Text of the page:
Herbal Healer

Herbal Healer: What is mastic?

2012-12-26T21:00:00Z Herbal Healer: What is mastic?Ted PanDeva Zagar Times Correspondent nwitimes.com
December 26, 2012 9:00 pm  • 

This resinous gum exudes from cuts made in the bark of a small tree that grows in Northern Africa and among islands and countries located in the eastern Mediterranean. The tear-shaped drops of mastic gum are associated with Saint Isadoros, whose martyred body was dragged under a mastic tree. The word “masticate” issued from the ancient Greek practice of chewing this licorice-flavored resin as a gum to freshen the breath and to fight tooth decay.

What does it do?

This versatile resin has taken a fascinating journey from the bakery to the pharmacy, the church, the morgue and the perfumery—and elsewhere. Mastic is found in Turkish coffee, as well as in puddings, pastries and liqueurs. Researchers discovered that mastic can cure peptic ulcers by destroying Heliobacter pylori bacteria. By reducing the bacteria that causes tooth decay, this gum assists in the prevention of tooth decay and gingivitis when added to toothpastes and mouthwashes. A study using the excellent mastic grown only on the Greek island of Chios pointed to its ability to reduce bad cholesterol. Ancient Egyptians employed mastic during their embalming procedures, while Biblical scholars believe that bakha—derived from the Hebrew term for weeping (and, thus, the tear-shaped pieces of mastic gum)—was none other than the mastic tree. Church use for mastic includes ritual burning as a resinous incense, not unlike frankincense, and as an ingredient of chrism, a holy oil used for anointing by the various Orthodox Churches. As a varnish, mastic was used to protect and preserve photographic negatives.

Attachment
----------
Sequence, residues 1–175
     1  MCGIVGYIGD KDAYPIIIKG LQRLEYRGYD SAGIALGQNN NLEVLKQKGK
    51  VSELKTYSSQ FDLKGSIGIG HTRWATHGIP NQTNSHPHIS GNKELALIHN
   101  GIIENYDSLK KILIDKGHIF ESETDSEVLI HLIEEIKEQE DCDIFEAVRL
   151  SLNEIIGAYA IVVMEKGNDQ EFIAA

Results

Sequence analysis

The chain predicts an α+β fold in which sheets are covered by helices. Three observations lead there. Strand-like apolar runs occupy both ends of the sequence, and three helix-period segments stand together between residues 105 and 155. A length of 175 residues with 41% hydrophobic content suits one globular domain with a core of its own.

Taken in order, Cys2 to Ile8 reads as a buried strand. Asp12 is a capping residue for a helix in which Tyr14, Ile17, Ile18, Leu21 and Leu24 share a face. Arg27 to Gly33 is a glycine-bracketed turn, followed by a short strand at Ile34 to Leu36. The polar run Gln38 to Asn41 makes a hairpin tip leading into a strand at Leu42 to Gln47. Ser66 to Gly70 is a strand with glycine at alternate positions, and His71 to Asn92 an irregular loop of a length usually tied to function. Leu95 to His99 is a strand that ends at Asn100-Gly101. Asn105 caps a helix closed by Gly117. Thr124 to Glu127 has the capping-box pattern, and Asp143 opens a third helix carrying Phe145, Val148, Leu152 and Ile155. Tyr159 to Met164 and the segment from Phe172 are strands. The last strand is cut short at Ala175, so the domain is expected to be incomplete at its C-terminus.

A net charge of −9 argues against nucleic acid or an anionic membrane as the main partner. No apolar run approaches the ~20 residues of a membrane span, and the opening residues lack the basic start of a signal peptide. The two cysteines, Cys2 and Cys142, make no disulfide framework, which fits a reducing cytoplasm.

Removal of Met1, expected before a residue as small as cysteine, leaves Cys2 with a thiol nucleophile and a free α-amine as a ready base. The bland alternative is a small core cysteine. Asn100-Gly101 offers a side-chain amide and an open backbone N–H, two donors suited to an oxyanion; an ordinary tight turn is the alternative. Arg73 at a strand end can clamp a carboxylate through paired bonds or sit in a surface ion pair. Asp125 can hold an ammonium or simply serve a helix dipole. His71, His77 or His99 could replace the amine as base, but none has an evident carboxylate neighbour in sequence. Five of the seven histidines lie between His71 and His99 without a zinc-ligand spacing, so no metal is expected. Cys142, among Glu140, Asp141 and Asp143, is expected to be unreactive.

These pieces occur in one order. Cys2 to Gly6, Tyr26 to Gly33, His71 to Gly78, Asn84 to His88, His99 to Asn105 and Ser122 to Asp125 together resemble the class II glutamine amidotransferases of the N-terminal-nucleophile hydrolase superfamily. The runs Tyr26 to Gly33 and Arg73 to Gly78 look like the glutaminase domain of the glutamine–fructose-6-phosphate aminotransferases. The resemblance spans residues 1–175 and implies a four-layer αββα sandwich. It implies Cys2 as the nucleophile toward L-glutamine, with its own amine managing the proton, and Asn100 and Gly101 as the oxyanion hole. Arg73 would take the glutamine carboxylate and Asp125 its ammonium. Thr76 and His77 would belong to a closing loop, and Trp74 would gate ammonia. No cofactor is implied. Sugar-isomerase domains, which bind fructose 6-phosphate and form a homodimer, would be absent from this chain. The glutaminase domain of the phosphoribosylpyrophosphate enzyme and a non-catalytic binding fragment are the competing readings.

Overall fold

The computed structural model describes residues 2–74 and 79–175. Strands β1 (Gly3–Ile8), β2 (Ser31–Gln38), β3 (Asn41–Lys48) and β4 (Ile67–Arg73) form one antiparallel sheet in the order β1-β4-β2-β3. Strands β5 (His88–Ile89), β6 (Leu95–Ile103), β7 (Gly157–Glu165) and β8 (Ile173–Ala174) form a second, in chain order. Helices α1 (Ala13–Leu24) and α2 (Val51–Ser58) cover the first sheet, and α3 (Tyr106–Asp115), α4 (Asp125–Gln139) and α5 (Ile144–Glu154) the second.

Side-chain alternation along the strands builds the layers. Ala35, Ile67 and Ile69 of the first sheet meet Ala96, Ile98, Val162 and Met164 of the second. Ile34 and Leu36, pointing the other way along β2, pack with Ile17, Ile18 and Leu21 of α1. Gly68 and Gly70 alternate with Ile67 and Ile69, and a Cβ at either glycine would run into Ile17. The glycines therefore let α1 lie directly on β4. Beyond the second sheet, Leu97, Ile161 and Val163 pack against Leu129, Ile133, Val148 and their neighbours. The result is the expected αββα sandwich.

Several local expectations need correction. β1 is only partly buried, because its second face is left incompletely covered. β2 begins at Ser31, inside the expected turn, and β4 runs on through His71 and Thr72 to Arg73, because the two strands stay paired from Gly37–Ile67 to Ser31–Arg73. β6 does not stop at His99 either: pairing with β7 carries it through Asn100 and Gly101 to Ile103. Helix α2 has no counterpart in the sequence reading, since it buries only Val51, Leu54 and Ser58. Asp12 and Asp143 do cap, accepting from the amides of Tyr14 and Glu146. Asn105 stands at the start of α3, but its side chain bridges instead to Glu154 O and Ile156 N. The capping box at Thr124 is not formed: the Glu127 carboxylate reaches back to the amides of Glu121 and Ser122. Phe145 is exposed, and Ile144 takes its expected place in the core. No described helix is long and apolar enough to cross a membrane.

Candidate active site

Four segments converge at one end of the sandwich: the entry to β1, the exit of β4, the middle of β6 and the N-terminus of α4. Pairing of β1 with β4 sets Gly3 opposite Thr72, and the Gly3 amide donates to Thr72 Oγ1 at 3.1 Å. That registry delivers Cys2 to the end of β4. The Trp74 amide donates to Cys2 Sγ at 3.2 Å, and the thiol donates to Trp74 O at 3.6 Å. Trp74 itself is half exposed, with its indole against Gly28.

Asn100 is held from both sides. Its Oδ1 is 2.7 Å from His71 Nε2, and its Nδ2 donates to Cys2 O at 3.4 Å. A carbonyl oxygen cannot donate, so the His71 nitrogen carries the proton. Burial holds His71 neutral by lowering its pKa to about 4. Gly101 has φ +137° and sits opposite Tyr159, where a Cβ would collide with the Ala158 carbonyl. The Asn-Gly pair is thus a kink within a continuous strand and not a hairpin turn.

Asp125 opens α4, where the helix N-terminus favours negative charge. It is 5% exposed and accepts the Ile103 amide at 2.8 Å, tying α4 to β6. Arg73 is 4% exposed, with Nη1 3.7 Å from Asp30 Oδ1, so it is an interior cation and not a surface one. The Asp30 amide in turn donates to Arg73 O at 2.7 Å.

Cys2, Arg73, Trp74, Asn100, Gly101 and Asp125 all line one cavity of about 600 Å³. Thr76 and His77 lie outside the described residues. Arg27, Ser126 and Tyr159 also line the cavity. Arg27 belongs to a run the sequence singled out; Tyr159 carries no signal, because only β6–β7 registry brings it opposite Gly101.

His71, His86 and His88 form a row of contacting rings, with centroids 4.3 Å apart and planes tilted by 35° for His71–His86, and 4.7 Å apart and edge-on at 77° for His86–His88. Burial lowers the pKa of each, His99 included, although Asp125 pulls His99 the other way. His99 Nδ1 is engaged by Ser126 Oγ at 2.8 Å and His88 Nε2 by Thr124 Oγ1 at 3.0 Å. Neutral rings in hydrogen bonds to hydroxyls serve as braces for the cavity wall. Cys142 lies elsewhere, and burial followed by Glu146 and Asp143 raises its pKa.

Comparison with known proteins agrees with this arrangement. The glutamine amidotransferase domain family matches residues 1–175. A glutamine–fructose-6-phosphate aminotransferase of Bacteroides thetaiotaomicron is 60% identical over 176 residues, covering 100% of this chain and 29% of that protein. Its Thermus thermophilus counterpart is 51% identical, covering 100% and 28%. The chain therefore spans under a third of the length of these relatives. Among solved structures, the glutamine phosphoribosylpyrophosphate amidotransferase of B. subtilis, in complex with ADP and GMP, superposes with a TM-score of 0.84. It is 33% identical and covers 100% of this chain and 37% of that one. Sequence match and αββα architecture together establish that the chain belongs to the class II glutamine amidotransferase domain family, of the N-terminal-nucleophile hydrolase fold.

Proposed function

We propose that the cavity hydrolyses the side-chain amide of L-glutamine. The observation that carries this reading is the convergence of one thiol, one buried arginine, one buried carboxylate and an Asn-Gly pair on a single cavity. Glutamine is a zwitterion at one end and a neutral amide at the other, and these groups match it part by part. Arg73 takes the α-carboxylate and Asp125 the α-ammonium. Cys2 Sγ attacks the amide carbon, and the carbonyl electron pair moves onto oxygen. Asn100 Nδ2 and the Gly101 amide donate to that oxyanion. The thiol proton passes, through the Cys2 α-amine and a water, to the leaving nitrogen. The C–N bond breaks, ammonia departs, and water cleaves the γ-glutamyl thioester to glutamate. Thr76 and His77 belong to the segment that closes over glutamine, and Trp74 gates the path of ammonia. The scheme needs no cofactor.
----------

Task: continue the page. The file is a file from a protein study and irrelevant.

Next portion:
About the herb

This member of the pistachio family climbs a mere twelve feet above the ground. Tree cuttings to allow mastic to exude its valuable resin is allowed in some places only between July 15 and October 15, when coagulation of the gum peaks in uniformity.

Recommended dosage

Various studies suggest that a daily dose of 5 grams of mastic powder can reduce total cholesterol in many cases. Mastic is also useful where inflammation of the bowel is present, and its role in assisting those who suffer from Crohn’s disease is nothing short of remarkable. Consider mastic products to bring relief when stomach upset strikes.

The opinions expressed are solely the writer’s. NOTE: Visit herbalastrology.com to read Ted PanDeva Zagar’s other articles and columns that discuss the benefits of herbs and natural foods. DISCLAIMER: The author’s comments are not intended to serve as medical advice, and he urges his readers to seek qualified wellness professionals to resolve matters of health.

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